The past two months have been quite the rollercoaster as a Fiorentina fan. First, the Viola qualified for Europe for the first time in six years. Then, weeks of drama ensued over whether star player Lucas Torreira would return to the club or not. After Torreira officially left and publicly hit out at the club's management, I was feeling pretty defeated. Given Rocco Commisso’s declining interest in the club, there seemed a real chance that Fiorentina was going to be left out to dry just as the Viola had gained some serious momentum on the field.
As I said in my article a few weeks ago, despite how disappointed I was (and still am) with the club’s handling of Torreira, the mercato was (and still is) very young. That meant there was plenty of time to prove doubters, like myself, wrong.
And you know what? Joe Barone and Daniele Pradè have done exactly that, and I couldn’t be happier about it. The Viola brass has clearly listened to Vincenzo Italiano’s demands to try and give him as complete a squad as possible before Moena.
For any club to reach its full potential, there needs to be cohesion and trust between the front office and the manager. Most importantly, this involves bringing in players which fit the club's needs both on and off the pitch. Barone has been very clear that the players signed thus far have Italiano’s approval, and given the attributes of all three official signings and Dodô, I have every reason to believe him.
What makes Barone and Pradè’s work more impressive is the budget they’ve been given. It’s clear at this point that Rocco Commisso will not be putting money into the club as he did in his first two years in charge. Thus, Barone and Pradè have gotten creative in the best way possible.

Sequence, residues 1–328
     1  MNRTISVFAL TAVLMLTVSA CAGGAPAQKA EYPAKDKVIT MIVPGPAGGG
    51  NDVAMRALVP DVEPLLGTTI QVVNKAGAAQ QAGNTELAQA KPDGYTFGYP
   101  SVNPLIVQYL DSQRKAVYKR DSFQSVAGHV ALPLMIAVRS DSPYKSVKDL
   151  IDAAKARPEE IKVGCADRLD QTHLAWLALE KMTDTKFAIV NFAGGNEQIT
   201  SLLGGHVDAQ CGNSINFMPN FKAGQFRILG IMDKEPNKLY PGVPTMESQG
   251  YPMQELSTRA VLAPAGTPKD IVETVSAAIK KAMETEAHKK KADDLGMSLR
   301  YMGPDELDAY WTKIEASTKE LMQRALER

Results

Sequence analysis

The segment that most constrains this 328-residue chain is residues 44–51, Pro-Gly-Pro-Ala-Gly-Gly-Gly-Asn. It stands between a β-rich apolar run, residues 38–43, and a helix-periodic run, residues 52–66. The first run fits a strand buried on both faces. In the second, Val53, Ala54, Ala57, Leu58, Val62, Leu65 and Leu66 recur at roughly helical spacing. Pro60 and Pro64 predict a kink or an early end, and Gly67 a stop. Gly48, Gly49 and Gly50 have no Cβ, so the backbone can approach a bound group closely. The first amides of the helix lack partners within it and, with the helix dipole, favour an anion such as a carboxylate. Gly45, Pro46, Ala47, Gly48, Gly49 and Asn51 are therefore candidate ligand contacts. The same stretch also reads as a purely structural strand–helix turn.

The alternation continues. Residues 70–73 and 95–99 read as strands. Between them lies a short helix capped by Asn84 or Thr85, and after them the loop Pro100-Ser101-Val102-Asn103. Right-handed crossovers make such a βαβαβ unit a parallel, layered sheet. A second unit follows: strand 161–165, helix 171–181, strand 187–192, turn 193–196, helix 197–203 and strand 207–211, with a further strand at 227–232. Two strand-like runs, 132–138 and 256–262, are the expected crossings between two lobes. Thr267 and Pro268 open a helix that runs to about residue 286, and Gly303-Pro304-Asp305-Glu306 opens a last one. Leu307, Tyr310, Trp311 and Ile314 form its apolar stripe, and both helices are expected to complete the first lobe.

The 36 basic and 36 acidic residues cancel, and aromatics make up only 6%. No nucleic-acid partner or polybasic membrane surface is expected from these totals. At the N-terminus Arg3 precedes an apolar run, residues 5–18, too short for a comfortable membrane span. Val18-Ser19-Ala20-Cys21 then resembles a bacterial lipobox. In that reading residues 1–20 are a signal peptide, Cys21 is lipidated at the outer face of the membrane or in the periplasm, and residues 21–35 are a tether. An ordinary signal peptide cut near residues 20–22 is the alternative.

Bringing in a player like Pierluigi Gollini on a loan for just half a million euros, with an option to buy for €8 million, is brilliant business.
Remember what Vincenzo Italiano was able to do with Pietro Terracciano, someone who was never expected to be a Serie A starter, in net? Now, we can replace him with Gollini, someone who has ample experience with the ball at his feet. This could transform the types of combinations the Viola are able to work when playing the ball out of the back, all at next to no cost! In addition, it’s underrated the impact that a character like Gollini will have off the pitch. His teammates at both Atalanta and Tottenham were fans of his, and bringing more cohesion to the locker room is always a good thing.
Next, consider the formula Pradè, Florentino Pérez, and Fali Ramadani concoted to bring Luka Jović to Firenze.
Even in the worst-case scenario, where Jović plays exactly like Aleksandr Kokorin, the Viola will have only sunk around €20 million in salary over four years into the Serbian. While that’s a lot of money, it’s far more likely that Jović gets back to his goalscoring ways, as he’s a supremely talented player that has every tool necessary to thrive at a place like Fiorentina. To acquire someone like him permanently at zero up-front cost is remarkable.
Finally, I’ll also give credit to Nicolás Burdisso. He was reportedly pivotal in the negotiations to bring Dodô to Fiorentina (which should be made official early next week), and he’s been exceptional working as Pradè’s #2 over the past year.
To be clear, there’s still a lot more work to be done, but most of the core pieces are now in place for the Viola’s European campaign. Unless Milenković leaves, I wouldn’t expect any more incoming transfers until after Moena, and that’s completely fine. Now, Italiano can evaluate the entire squad during the retreat and then decide where we still need upgrades. Still, the club’s proactive policy early on this mercato will pay dividends throughout the season, and I can’t wait for it to begin.